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How to be a wise renter?

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I'm about to move and rent a new room in a large victorian house near campus.  The house will be owner occupied and there will be several unrelated people renting rooms on the 2nd and 3rd floors.  We will all have our own bedrooms, but we will share a kitchen and bathroom if that matters.  My question is, What should I do in order to be a wise renter?  Should I buy renters insurance before signing the lease?  How does one shop for renters insurance?  (Excuse my ignorance.)  Should I check on the property and landlord in some way?  Anything else?

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Seconded. 

I moved into an apartment last February, it's the upper half of a house. Got new downstairs neighbors two week... (more)

st4rdust (Aug. 01, 2017 @ 12:07p) |

having two isn't going to help if the CO doesn't reach either of them. Maybe donate one to the basement or hallway?

rufflesinc (Aug. 01, 2017 @ 12:32p) |

Sorry, forgot to mention that -- the second one is on the landing near the stairs from the basement to my apt.

st4rdust (Aug. 01, 2017 @ 1:01p) |

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What possessions will you have to insure?

There probably isn't much due diligence you can do. 

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1. buy a new lock for your door
2. If you have 'grazer' roommates you might need to keep your food / dishes in your room
3. If you roommate is a 'captain commando', then your landlord might have to get involved.
4. Get some earmuffs to muffle out the sex sounds.

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Make sure that the lease states that if your roommate(s) move out, you're not responsible for paying their share of the rent. We've seen that come up before. Also, your auto insurance carrier most likely sells renter's insurance.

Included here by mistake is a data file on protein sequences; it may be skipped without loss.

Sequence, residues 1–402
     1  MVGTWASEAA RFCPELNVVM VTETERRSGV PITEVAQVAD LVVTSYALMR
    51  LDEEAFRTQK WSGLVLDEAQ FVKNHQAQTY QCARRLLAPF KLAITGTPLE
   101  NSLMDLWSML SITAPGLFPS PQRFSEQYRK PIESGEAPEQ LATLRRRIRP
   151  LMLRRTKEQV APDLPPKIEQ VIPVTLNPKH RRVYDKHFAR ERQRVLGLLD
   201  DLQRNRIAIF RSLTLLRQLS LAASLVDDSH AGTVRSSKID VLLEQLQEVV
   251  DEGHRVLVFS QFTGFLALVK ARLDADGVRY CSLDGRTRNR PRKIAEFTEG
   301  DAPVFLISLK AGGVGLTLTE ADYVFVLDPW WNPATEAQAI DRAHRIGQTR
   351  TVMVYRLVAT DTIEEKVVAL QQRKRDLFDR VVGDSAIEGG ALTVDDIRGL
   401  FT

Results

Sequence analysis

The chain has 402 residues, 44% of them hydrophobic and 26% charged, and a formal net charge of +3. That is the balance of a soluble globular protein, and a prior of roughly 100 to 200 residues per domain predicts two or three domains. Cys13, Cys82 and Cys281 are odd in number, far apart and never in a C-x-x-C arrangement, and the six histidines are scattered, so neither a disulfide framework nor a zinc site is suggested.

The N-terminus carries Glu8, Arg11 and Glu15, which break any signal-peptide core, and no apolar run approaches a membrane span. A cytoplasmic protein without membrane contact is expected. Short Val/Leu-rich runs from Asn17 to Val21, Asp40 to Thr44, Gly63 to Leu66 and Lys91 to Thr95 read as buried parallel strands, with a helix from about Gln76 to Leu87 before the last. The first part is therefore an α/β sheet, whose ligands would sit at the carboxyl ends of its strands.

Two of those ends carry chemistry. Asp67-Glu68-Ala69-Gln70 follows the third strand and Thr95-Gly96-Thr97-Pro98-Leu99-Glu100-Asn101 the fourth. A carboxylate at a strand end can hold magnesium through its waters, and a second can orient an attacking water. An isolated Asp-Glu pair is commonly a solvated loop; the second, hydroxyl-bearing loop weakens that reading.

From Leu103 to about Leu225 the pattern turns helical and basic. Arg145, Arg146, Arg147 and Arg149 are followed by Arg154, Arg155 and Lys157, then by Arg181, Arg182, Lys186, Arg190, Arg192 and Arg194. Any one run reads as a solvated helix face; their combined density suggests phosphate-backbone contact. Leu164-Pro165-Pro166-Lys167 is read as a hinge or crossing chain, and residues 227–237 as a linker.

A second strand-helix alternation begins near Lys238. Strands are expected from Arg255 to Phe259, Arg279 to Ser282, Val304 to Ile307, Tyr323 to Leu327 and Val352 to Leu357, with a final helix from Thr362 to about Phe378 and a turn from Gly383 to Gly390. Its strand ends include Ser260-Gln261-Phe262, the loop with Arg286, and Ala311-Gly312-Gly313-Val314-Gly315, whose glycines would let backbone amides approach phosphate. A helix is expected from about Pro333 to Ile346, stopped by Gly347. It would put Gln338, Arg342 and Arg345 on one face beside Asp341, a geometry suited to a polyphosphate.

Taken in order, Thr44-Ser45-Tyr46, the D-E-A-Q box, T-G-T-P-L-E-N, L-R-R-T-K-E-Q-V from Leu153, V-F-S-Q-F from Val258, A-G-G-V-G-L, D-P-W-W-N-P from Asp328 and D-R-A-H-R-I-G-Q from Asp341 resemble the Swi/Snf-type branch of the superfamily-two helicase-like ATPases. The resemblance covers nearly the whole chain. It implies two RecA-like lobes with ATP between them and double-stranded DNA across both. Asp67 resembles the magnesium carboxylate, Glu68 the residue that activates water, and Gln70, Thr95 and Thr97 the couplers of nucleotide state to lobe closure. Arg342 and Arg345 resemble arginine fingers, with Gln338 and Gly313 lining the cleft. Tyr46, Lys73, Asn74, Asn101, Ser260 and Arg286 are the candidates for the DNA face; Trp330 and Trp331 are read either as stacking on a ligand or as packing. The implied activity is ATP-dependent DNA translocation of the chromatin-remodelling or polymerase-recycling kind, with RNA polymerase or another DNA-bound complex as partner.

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Renter insurance is like $10 a month get it though your auto insurance and you usually can get a multi policy discount making it almost free.  Don't skimp on liability if you leave the burner on and cause a fire you don't want to wipe out your life saving getting sued.
Pay for rent with a check or money order don't use cash since you have no proof of payment.

 

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BrianGa said:   What possessions will you have to insure?

There probably isn't much due diligence you can do. 

  
Not much.  Clothes, a computer, a phone, video game consoles, textbooks, lol!

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Hypersion said:   Pay for rent with a check or money order don't use cash since you have no proof of payment.You can pay with cash. Just have the landlord provide a receipt.

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Speaking from experience here:
- Sign a lease and learn your state's tenant/landlord rules
- Set rules and stay firm from the get go.
- Don't get too close with other tenants or they will become a nuisance.
- Keep your personal belongings in your room only.
- Might want to look into a mini-fridge if other tenants steal your food.
- Be respectful, clean, and pay on time.

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forbin4040 said:   
4. Get some earmuffs to muffle out the sex sounds.